WPTV-TV Local Sales Manager Cheryl Beers believes newly graduated students need to limit their expectations. She believes the secret to their success will be their desire to move forward. The first job is not an automatic ride to the top. Students today expect a large salary and managerial status. Big pay and cushy job. That’s not realistic. Not at all. Imagine, what is taught in the classroom is the owner’s manual and the first job is the first time you get operate the machinery. Remember the first time you drove a car or used a chainsaw. You can’t become an expert from reading the owner’s manual. You got to get her hands dirty and get the feel for what the machine can do. Students need to be patient.
I have students who are in shock when they read that they need three years of experience to qualify for a job posting. Yup. How do you get that experience? One day at a time in an entry level job. It takes patience. Cheryl Beers hires new graduates and places them in the assistant account executive positions. It is a training level position and Cheryl will tell you that hiring employees is the hardest part of her job. She says a red flag for her is a resume full of “job hopping” or short stays at companies. When she interviews a new hire she would rather he/she admit to not having an answer than make up something. You can’t fool her. If she hires you, you are in good hands. She wants to grow new hires into salespeople because she feels it is worth the effort for both her and the employee.
Beers has a short list for advice to students when they arrive at their first job:
Be on time!
Don’t miss work because you were out last night!
DON’T BE AFRAID!
Be aggressive but not rude.
According to Beers, it takes six months to ramp up a new employee to be a useful and capable of working in the sales department. Entry level jobs are important for the new employee to grow in the right direction. The assistant shadows the account executive and does the same things such as take orders, requests avails for OTT, searching rating points and answering phones. This is the level the students learn to use a chainsaw without cutting off a foot.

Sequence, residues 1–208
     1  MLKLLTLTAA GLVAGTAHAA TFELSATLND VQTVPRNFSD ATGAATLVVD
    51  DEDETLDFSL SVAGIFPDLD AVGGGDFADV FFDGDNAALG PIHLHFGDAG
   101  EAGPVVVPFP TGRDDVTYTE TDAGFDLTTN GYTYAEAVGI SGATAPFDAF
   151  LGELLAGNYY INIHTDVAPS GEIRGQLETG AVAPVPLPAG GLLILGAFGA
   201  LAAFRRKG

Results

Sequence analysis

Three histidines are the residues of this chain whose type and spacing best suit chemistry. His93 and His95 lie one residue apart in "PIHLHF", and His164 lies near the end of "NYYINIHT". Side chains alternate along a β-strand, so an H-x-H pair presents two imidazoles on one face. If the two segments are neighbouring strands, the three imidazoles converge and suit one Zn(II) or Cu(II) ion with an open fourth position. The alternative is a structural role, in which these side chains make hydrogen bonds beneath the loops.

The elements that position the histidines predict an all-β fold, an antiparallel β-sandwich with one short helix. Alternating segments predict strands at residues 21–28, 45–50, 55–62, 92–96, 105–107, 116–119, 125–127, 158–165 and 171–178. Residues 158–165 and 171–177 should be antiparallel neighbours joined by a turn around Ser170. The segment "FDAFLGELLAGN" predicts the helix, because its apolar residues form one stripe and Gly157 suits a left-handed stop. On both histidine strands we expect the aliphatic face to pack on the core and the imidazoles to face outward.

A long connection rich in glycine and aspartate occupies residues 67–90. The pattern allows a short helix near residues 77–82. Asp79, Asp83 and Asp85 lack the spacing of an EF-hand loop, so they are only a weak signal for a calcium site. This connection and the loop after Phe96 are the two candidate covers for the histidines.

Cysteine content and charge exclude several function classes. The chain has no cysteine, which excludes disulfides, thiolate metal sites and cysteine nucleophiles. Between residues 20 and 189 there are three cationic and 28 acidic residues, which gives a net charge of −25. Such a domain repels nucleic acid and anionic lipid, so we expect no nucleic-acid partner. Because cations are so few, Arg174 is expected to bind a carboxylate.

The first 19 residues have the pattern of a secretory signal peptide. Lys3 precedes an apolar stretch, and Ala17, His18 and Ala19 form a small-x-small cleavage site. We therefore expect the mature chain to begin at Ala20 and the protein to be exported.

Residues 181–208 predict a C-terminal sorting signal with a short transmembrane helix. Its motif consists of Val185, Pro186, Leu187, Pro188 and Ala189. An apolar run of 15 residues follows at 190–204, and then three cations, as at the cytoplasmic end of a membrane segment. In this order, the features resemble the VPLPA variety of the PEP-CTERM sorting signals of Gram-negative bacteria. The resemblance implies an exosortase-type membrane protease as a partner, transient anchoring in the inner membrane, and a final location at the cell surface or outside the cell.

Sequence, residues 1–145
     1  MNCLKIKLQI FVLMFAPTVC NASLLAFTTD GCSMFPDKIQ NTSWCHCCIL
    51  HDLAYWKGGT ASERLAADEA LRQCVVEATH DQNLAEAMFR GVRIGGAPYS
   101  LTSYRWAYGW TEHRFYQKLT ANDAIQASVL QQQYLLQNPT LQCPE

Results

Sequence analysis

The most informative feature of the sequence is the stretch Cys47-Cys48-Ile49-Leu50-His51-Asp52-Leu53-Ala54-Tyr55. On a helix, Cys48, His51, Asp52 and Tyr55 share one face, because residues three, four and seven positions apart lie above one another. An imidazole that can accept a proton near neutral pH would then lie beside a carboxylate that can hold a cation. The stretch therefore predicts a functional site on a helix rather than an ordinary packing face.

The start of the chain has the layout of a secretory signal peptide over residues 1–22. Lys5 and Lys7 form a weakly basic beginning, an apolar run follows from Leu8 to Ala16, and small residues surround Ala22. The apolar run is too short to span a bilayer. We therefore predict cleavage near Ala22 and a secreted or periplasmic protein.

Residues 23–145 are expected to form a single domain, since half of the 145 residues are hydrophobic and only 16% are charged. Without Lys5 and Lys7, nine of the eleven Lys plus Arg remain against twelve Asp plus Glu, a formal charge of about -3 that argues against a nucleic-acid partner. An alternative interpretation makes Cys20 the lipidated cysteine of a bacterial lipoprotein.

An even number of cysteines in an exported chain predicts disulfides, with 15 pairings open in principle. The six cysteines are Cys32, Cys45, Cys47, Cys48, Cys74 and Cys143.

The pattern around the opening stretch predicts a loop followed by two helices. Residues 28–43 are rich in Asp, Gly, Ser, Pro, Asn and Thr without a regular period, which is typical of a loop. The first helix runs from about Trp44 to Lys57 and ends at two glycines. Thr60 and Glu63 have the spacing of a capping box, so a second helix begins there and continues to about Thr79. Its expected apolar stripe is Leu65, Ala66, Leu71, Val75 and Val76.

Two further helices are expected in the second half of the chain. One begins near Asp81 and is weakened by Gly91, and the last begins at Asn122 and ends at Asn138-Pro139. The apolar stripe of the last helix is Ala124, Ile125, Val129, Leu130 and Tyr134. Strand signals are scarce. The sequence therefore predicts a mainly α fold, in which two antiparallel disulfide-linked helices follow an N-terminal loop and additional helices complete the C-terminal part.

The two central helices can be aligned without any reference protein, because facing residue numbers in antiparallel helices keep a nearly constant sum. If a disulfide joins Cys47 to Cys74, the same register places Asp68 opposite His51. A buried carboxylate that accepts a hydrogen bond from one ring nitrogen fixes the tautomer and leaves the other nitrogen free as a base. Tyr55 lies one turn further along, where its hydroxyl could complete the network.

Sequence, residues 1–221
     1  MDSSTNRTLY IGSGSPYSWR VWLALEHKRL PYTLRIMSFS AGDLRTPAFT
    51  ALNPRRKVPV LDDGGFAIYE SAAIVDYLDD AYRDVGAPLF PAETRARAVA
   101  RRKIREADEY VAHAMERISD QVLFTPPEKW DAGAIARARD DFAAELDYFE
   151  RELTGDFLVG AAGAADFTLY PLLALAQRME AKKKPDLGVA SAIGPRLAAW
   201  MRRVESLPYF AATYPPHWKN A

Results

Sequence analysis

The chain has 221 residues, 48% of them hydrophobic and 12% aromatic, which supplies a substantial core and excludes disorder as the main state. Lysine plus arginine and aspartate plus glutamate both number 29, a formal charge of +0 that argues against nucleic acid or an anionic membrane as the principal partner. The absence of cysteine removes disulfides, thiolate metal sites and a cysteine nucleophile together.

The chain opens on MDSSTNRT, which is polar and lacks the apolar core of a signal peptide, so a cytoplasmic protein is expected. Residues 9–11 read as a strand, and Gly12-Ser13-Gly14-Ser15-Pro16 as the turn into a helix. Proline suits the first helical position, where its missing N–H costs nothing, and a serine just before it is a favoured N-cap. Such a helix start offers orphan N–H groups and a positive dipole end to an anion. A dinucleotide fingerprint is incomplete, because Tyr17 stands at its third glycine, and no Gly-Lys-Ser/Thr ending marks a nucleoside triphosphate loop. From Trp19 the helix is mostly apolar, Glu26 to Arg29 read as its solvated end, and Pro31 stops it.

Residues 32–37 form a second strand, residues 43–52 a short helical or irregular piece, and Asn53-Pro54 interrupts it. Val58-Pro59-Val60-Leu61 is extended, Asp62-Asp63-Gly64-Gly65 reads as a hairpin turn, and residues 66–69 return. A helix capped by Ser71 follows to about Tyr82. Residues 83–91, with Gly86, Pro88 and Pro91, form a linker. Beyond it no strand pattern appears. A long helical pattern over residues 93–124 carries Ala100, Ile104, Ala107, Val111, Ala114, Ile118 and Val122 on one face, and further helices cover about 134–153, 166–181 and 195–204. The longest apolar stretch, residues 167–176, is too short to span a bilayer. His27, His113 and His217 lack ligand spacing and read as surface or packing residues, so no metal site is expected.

“More freedom will come to you when you are doing well,” says Beers. Until they know you won’t do something stupid or the wrong thing, the new employee is watched closely and prevented from straying too far from a mentor. “If you don’t do well, the focus is on you.” Most of all, don't fear rejection. "If you can't deal with rejection you shouldn't be in this business."
There is expectations that the new employee will grow inside the corporation by understanding the market, clients inventory and most of all, how to deal with people. Dealing with people is something we don’t teach in school, maybe we should. In fact, my syllabus will contain a few role reversal exercises, mock interviews and team building skits. I will try to teach more than the owner’s manual.
“Accept change. You must always accept change,” Beers says with confidence as she explains the sales tools she uses. She says OTT has not been around for very long and now is a vital part of the sales business. The evolution of television sales is moving rapidly and beyond the traditional platforms. If you don’t accept the change, you’re career will be over.
In the end, “we are selling air.” Television ad sales is about selling impressions on the internet and eyeballs on a screen. There is no tangible product to hold or give, unless you are in the production team. Your customers watch, listen and then move on. You fill up a few brain cells with a notion the customer needs something from this particular company. You hope it sticks. You hope that with the frequency of replaying the same spot more brain cells will fill and result in an action, voluntary or involuntary.
In the end there is no guarantee for success. Hard work each day revolves around relationships and negotiations.
However, sometimes a blind squirrel finds a nut! I did something good!
This training program required me to attempt some prospecting in the West Palm Beach market. And I found a potential buyer! My history working with hospital systems leaned me into a direction of the local hospitals. I think I found a potential buyer and Cathy agreed.
Cathy showed me how to search for buyers and analyze their needs. The goal is to uncover the buyer’s needs. I went online and looked at the market, customer’s concerns, types of customers, trends in their business and any innovations they may be promoting.
I can’t say too much because I think they have a great opportunity to please the buyer with a proposal.